Preparing for 2020:
On the Politics and Political Lives of American Jewry

By Steven Windmueller

As this nation prepares for the 2020 Presidential election, what roles will America’s Jews play in next year’s campaign? A new Gallup Poll indicates that 71% of America’s Jews oppose the President, while 26% support President Trump.

Following the President’s appearance this past weekend at the Republican Jewish Coalition Annual Leadership Meeting, a renewed debate has evolved over the role that Jews will play in the forthcoming campaign. In this article, we will be reframing the issues that are likely to be important for Jewish Americans in connection with the 2020 elections!

Background on Jewish Political Engagement:

Over the course of the past 240 years of this nation’s history, Jews have been committed to and involved with the political process as voters, commentators, candidates, and funders. The depth of their political participation reflects in no small measure their abiding sense that their religious culture and ethnic heritage serve as political roadmaps, in part inspiring them to be participants and actors in the American story. This accounts for the fact that Jews are the most politically engaged religious and ethnic community in this nation, as 85% of eligible Jewish voters have traditionally participated! Just as the founders of this Republic embraced the idea of America as the “New Zion,” such a concept would become part of the American Jewish political mindset.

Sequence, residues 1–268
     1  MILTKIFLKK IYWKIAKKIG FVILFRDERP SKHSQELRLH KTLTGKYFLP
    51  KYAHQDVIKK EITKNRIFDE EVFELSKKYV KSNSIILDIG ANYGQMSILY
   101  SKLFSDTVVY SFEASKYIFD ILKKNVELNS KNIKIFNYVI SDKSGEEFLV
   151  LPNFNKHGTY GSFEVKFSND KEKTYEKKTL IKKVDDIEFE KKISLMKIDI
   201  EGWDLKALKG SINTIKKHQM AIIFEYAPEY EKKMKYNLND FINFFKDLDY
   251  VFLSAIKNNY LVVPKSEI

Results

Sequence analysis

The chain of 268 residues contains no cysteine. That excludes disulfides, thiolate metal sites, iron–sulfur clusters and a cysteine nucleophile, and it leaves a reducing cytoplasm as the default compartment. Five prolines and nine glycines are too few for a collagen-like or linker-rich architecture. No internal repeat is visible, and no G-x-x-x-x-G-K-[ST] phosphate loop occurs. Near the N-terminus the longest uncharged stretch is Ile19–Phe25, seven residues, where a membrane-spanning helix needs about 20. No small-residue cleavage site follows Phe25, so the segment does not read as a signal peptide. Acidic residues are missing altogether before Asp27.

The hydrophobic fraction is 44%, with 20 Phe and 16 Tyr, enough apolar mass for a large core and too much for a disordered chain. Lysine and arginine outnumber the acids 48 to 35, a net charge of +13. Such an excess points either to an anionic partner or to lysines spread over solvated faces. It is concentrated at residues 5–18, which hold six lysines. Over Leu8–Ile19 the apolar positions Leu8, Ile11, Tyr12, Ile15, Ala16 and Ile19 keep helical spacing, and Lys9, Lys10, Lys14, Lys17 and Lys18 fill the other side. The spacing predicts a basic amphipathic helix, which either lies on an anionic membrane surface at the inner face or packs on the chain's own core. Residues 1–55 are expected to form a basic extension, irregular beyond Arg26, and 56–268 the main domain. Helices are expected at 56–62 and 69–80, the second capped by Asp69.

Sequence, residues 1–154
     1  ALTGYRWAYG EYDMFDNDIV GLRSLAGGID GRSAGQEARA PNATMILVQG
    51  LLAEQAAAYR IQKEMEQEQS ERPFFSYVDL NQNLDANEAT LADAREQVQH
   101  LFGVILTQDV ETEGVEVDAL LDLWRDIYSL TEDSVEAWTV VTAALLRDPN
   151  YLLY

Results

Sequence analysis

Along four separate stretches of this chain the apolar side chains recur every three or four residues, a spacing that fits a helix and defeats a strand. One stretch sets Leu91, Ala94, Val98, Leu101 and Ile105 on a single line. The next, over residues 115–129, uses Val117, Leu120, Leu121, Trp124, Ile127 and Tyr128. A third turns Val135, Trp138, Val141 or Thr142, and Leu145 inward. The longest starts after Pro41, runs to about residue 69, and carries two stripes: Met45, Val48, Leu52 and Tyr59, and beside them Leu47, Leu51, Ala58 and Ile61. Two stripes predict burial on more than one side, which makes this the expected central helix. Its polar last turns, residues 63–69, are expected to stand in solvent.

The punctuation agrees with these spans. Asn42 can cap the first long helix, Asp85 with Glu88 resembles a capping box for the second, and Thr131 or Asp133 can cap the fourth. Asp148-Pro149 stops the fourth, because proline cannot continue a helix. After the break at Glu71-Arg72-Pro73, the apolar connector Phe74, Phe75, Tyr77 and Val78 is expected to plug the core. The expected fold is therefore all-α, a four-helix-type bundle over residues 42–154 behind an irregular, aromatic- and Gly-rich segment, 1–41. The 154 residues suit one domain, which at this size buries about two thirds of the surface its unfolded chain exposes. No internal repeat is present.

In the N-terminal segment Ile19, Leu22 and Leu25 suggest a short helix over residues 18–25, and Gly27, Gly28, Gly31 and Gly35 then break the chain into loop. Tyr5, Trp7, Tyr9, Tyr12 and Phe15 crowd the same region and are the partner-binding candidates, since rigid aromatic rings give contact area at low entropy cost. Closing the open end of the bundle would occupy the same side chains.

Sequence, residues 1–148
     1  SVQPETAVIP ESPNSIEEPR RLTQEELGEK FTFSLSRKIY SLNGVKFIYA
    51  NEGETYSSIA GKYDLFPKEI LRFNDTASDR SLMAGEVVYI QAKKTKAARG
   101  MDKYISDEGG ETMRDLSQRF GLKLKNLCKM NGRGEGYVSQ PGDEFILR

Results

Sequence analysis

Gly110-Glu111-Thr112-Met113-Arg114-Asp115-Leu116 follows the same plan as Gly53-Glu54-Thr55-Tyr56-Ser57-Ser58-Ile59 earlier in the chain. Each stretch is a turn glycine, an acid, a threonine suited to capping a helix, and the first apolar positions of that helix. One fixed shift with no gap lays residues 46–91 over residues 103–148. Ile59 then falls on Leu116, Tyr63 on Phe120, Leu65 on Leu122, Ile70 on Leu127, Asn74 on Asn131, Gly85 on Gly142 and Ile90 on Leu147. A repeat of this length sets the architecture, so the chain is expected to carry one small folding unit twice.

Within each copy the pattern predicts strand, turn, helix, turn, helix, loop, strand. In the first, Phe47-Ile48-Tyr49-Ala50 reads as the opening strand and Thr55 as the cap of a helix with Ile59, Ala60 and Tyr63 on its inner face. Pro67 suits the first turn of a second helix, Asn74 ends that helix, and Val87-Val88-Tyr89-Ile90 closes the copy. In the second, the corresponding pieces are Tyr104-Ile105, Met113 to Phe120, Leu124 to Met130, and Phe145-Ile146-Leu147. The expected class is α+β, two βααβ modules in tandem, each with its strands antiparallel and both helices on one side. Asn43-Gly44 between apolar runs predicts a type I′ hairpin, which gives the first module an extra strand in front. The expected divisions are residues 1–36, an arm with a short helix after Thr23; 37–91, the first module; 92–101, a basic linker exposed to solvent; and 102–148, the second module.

Jews are present in all of the varied expressions of American politics, in part reflecting their integration and acceptance into this nation’s culture. As part of American Jewish political behavior, two core values are constantly in play with one another: a nationalist perspective, i.e. Jewish self-interests, is seen in tension with the universal Jewish imperative of promoting the broader social good. Over recent years, these competing ideas have divided Jewish Americans. Some critics have suggested that “Jewish political liberalism” is merely an extension of liberal Judaism. Alternatively, opponents of Jewish conservative thought have contended that such ideas are only self-serving, while others critique that identity politics provides a far too narrow perspective at a time when the society requires a broader engagement with issues that will define the future of this nation.